MasterChef’s Rue Mupedzi & Melissa Leong’s Conversation About Imposter Syndrome Is Familiar For WOC

Image courtesy of Channel 10
MasterChef Australia 2023 contestant Rue Mupedzi
Rue Mupedzi never dreamt of even making it onto MasterChef Australia, let alone becoming one of the final 10 contestants. As the 29-year-old oral health therapist has progressed on the popular cooking show, she's surpassed her own expectations of herself and that of the judges.
She may have come to the competition with a knack for making macarons and sweets, but she's since nailed the BBQ sauce challenge and whipped up some impressive savoury dishes.
However, Mupedzi admits that her confidence was shaken during filming. With every elimination, her feelings fluctuated. At times, she deemed herself worthy of having a spot on the show, but at other times, not so much.
"I feel like I did start to believe that I deserved to be there," Mupedzi tells Refinery29 Australia. "But a little part of me was like, I wish I believed in myself a little bit more."
Mupedzi, who moved to Australia from Zimbabwe when she was 15, says she's often thought about whether her cultural upbringing has played a part in her insecurities. Imposter syndrome is felt by many women, and is often multi-layered for women of colour, who face cultural and familial expectations, as well as external stigmas from society as a whole.
"Whether it's my upbringing... Mel asked me this before," she reflects, referring to judge Melissa Leong, who is also a woman of colour.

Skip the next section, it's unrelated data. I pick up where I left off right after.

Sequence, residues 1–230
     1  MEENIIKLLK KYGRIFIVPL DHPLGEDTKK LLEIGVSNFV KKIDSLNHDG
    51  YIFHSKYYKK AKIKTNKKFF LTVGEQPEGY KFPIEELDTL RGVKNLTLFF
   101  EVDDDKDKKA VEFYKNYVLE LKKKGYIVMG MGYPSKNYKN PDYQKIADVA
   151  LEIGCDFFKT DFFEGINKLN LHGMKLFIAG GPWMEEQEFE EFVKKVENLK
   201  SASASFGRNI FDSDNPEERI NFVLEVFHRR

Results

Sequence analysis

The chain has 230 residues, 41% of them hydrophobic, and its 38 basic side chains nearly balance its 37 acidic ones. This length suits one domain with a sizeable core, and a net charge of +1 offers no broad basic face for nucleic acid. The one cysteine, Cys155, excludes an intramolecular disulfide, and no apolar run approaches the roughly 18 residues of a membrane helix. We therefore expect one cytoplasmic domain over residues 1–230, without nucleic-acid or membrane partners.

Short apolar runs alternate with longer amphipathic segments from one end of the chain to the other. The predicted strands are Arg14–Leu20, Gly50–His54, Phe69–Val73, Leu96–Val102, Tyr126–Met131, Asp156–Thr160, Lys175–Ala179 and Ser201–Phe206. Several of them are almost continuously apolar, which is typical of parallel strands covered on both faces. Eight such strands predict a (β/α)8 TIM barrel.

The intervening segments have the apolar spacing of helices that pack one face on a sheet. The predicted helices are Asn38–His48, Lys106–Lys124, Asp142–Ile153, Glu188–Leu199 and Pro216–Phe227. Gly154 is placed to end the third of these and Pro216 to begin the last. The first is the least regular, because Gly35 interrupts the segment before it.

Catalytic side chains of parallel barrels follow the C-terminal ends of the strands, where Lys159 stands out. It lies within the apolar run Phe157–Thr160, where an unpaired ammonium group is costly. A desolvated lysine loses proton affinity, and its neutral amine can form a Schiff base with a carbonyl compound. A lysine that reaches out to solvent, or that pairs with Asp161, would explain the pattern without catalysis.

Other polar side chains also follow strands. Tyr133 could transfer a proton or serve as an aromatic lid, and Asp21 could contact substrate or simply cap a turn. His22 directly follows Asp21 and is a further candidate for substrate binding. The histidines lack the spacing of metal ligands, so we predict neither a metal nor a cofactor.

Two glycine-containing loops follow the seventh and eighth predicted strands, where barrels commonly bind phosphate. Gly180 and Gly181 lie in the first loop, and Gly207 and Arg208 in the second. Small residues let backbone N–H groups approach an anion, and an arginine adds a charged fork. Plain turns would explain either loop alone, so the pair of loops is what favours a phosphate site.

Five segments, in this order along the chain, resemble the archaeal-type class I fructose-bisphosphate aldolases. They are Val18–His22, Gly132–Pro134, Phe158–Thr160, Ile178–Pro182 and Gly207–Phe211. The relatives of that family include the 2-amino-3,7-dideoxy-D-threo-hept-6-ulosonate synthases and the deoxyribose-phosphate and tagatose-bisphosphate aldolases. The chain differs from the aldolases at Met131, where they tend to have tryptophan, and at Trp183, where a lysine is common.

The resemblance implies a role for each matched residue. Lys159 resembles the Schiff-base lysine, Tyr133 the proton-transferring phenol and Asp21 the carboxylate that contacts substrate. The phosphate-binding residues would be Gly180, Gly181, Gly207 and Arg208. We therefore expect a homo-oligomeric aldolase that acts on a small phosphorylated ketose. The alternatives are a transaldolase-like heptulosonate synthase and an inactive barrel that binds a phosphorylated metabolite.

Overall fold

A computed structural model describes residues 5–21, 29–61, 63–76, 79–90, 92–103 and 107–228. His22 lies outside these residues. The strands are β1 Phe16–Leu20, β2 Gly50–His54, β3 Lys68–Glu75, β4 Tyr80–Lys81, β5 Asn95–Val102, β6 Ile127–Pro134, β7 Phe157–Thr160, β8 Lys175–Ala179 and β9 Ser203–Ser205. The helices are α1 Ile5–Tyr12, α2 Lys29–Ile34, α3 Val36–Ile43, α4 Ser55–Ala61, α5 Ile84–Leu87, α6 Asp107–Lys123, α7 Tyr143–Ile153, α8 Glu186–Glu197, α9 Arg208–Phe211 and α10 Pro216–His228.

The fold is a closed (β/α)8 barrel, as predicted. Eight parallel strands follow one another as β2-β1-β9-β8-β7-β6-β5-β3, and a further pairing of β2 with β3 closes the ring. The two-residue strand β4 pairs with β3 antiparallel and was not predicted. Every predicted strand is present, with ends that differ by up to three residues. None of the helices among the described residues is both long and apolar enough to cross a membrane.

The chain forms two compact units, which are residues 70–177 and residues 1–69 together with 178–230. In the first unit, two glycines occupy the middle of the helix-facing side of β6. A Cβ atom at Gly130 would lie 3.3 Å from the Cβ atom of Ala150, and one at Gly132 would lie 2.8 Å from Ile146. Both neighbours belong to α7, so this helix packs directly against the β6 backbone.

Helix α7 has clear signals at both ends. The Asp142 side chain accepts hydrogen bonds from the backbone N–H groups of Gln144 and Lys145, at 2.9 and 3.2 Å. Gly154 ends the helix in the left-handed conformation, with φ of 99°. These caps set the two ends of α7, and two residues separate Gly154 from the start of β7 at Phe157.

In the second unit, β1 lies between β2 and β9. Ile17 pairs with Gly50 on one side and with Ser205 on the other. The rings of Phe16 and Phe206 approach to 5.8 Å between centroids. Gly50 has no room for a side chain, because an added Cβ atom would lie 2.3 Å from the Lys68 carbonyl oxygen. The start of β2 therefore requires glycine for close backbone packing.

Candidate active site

"She's very nurturing, and I think she could see something in me that at some point I couldn't see myself. Also being ethnic, she was like, 'Look, I understand where you're coming from. I understand all these expectations, but I want you to know that you deserve to be here.'"
Image courtesy of Channel 10
MasterChef Australia judges Andy Allen, Melissa Leong and Jock Zonfrillo
Explaining why she always looks "genuinely shocked" on TV when she impresses the judges, Mupedzi says, "I really wish I backed myself a bit more". Overall, she feels a "huge improvement" in how she's tackled her imposter syndrome, "but there is always room for more improvement".
"Being an African girl, cooking was something that was kind of always expected," she says. "And I always did, but there was no extended intention of me doing anything outside of just cooking for my family."
As is the case for many children of immigrants, Mupedzi faced familial pressures to pursue a traditional profession after completing tertiary studies.
"Like any ethnic kid, there's an expectation from your family to do something that's educational-based."
After going to university and becoming an oral health therapist, Mupedzi's love for food beyond making daily meals truly began in 2019. She started taking photos of anything she made and tried to recreate famous dishes cooked by professional chefs. Prior to appearing on MasterChef, Mupedzi also tried her hand at starting a small macaron business.
"[My family was] not too pleased about that, but when MasterChef came around, they were ecstatic," she says.
"They were a little bit nervous for me because they were like, 'Oh my gosh, how is she gonna handle it? Is she gonna be good?', but my husband was backing me all the way."
Mupedzi is one of seven contestants remaining on the 15th season of MasterChef, alongside Cath Collins, Rhiannon Anderson, Malissa Fedele, Theo Loizou, Declan Cleary and Brent Draper. There's not long to go now until we find out who wins MasterChef 2023.
The eliminated contestants are Amy Tanner, Adi Nevgi, Andrea Puglisi, Antonio Cruz Vaamonde, Grace JuppJessica PerriLarissa Sewell, Phil Conway, Ralph KahangoRobbie Cooper,
MasterChef Australia airs Sunday to Wednesday at 7:30pm on Channel 10 and 10 Play.
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